• Respiratory support plan:
    • Commence CPAP NIV
    • Aim for SpO2 >90%, PaO2 > 60mmHg
    • Breaks every 2 hours for chest physiotherapy (on high flow nasal prongs)
    • Ensure humidified circuit
    • Ensure frequent cough; encourage expectoration of sputum
  • Circulatory support plan:
    • Assess for fluid responsiveness using dynamic parameters
    • If fluid responsive, resuscitate with 20% albumin
    • If fluid resuscitation is ineffective, maintain MAP >65 with noradrenaline
    • Consider stress dose steroids (unless steroids are already being given)
  • Neurological plan:
    • Avoid sedating analgesics
    • Change NIV mode to BiPAP if hypercapnea develops
  • Haematological:
    • Transfuse to Hb >70 (TRISS)
    • Correct platelets for CVC insertion
    • Administer Vitamin K and FFP for correction of the INR
    • Seek clarification re. WCC differential (All neutrophils? All blasts?)
  • Infectious:
    • Fungal cover with voriconazole or caspofungin
    • PJP cover with Bactrim
    • Viral cover with aciclovir
    • Atypical cover with azithromycin
    • Gram negative and anaerobe cover with meropenem
    • Gram-positive cover with vancomycin
  • Definitive diagnosis:
    • Blood and sputum cultures
    • Atypical pneumonia serology
    • Urinary legionella and pneumococcal antigens
    • Sputum culture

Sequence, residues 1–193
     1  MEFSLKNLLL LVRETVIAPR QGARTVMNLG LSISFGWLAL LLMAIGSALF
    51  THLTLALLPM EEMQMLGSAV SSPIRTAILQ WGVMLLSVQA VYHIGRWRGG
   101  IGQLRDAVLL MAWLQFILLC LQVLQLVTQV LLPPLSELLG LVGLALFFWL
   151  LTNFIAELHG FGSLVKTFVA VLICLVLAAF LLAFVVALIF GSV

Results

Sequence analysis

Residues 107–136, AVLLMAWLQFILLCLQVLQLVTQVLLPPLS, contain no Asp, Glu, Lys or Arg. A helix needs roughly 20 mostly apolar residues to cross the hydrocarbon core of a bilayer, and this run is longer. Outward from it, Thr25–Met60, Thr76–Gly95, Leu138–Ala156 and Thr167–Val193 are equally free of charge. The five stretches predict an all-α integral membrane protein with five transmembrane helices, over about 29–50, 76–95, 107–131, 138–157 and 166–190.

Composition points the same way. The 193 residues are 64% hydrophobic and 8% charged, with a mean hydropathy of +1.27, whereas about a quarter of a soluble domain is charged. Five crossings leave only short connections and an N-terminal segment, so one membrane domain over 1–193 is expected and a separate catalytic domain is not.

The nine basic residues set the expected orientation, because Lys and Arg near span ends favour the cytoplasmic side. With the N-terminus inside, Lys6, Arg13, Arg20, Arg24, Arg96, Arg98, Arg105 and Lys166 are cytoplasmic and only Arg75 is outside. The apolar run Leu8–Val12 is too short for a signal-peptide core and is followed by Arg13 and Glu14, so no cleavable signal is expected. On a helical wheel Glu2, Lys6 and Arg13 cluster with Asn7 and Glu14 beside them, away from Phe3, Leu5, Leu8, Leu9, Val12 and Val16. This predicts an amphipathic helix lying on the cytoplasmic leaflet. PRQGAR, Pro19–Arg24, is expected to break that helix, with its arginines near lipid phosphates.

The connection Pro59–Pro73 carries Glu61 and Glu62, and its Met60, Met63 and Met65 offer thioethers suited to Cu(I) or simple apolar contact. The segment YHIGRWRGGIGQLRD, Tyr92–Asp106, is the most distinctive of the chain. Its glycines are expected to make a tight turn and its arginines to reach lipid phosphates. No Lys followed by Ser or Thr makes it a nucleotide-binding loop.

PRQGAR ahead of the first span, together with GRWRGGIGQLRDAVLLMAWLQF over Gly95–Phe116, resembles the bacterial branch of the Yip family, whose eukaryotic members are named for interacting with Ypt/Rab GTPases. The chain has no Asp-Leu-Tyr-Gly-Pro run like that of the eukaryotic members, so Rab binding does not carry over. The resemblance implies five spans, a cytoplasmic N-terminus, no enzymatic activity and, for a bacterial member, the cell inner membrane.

• TTE to exclude the contribution of cardiac failure to shock and hypoxia
    • Discussion with haematology team regarding the use of high dose steroids for ATRA syndrome (10mg bd of dexamethasone for 3 days, or addition of cytarabine to the chemotherapy cocktail to suppress the bone marrow).
  • Social:
    • Schedule family discussion
    • Confer with haematology regarding prognosis

References

References

Panoskaltsis-Mortari, Angela, et al. "An official American Thoracic Society research statement: noninfectious lung injury after hematopoietic stem cell transplantation: idiopathic pneumonia syndrome." American journal of respiratory and critical care medicine 183.9 (2011): 1262-1279.

Patatanian, E., and D. F. Thompson. "Retinoic acid syndrome: a review." Journal of clinical pharmacy and therapeutics 33.4 (2008): 331-338.

Lee, Hwa Young, Chin Kook Rhee, and Jong Wook Lee. "Feasibility of high-flow nasal cannula oxygen therapy for acute respiratory failure in patients with hematologic malignancies: A retrospective single-center study." Journal of critical care 30.4 (2015): 773-777.

Scales, Damon C., et al. "Intensive care outcomes in bone marrow transplant recipients: a population-based cohort analysis." Critical Care 12.3 (2008): R77.

Lueck, Catherina, et al. "Improved short-and long-term outcome of allogeneic stem cell recipients admitted to the intensive care unit: a retrospective longitudinal analysis of 942 patients." Intensive care medicine 44.9 (2018): 1483-1492.

Al-Zubaidi, Nassar, et al. "Predictors of outcome in patients with hematologic malignancies admitted to the intensive care unit." Hematology/oncology and stem cell therapy (2018).